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Most of us have memories of family and friends who have been affected by cancer, which is New Zealand’s biggest cause of death.

 

That’s why Simon Bridges outlined National’s plan for cancer care at our recent annual conference in Christchurch. Our policy includes an extra $200 million over four years for PHARMAC to fund cancer drugs for those who need them.

 

We have also committed to introducing a National Cancer Agency to deliver earlier diagnoses, fairer access and better treatment for cancer sufferers across New Zealand.

 

New Zealanders shouldn’t have to pack up their lives and go to other countries for cancer treatment. We shouldn’t have to mortgage our houses, set up Givealittle pages or take out massive loans to be able to afford medicines which are funded overseas.

 

The agency will be involved in prevention, screening and treatment. New Zealand is a world leader in research and innovation, so the centre will also facilitate research so that in the future we can prevent cancer and treat it more effectively.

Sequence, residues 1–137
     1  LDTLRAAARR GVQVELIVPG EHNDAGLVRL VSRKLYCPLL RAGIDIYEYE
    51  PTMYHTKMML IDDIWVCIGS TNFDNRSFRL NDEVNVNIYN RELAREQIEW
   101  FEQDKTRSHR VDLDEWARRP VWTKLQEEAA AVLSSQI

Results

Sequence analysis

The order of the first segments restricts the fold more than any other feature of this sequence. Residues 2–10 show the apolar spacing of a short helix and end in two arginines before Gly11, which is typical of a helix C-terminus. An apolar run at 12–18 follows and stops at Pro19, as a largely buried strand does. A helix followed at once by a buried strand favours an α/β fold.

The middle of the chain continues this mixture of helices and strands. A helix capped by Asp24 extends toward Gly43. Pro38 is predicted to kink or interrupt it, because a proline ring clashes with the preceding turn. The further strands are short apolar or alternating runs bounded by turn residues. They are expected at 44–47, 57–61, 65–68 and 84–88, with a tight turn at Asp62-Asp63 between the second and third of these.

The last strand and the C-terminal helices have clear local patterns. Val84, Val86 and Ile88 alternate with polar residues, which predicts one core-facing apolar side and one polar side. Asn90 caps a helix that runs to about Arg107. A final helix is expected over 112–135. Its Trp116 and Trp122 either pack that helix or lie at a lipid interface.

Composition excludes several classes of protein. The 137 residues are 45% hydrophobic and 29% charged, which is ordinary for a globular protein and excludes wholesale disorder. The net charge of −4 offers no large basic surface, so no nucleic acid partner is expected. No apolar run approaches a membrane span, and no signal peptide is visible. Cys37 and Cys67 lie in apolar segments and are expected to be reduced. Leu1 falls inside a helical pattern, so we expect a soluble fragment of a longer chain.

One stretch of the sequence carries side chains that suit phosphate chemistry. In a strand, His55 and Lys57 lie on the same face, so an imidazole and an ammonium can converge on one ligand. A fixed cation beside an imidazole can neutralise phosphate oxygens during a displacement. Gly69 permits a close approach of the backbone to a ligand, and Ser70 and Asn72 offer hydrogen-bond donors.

It will ensure that no matter where we live in New Zealand we will get the same standard of care. Too often people in regional towns are disadvantaged because they don’t have access to the services we mostly enjoy in Hamilton.

 

We believe that medical experts and clinical professionals should be making these decisions, not Wellington-based bureaucrats. Our National Cancer Agency will ensure that happens.

 

The current Government claims its investment in health this year is the biggest ever. Yet we have the biggest DHB deficits on record. There are fewer elective surgeries happening under this Government. And 38,000 more people aren’t seeing their GP because of the costs.

 

The previous National Government boosted annual investment in PHARMAC by $220m over nine years. That meant around 820,000 New Zealanders benefited from extra investment in new PHARMAC-funded medicines. Despite claiming to be “caring and compassionate”, this Government only put an extra 1 per cent into PHARMAC for life-saving drugs. That doesn’t even cover inflation.

 

As MPs, we often hear personal and heart-breaking stories about our constituents. Tracey Elliott and her husband Troy are in the process of selling their house because they’re spending $9000 every three weeks on life-extending drugs. The drugs they’re selling their family home to buy are fully funded in the UK and Australia.

 

The Government has put 75 times more money into Shane Jones’s slush fund to help NZ First get re-elected than it has into PHARMAC. They’re also spending billions of dollars on working groups and fees-free tertiary education. Their priorities are wrong.

 

National’s Cancer Fund is a priority for us because it will help thousands of Kiwis. It’s the right thing to do.

 

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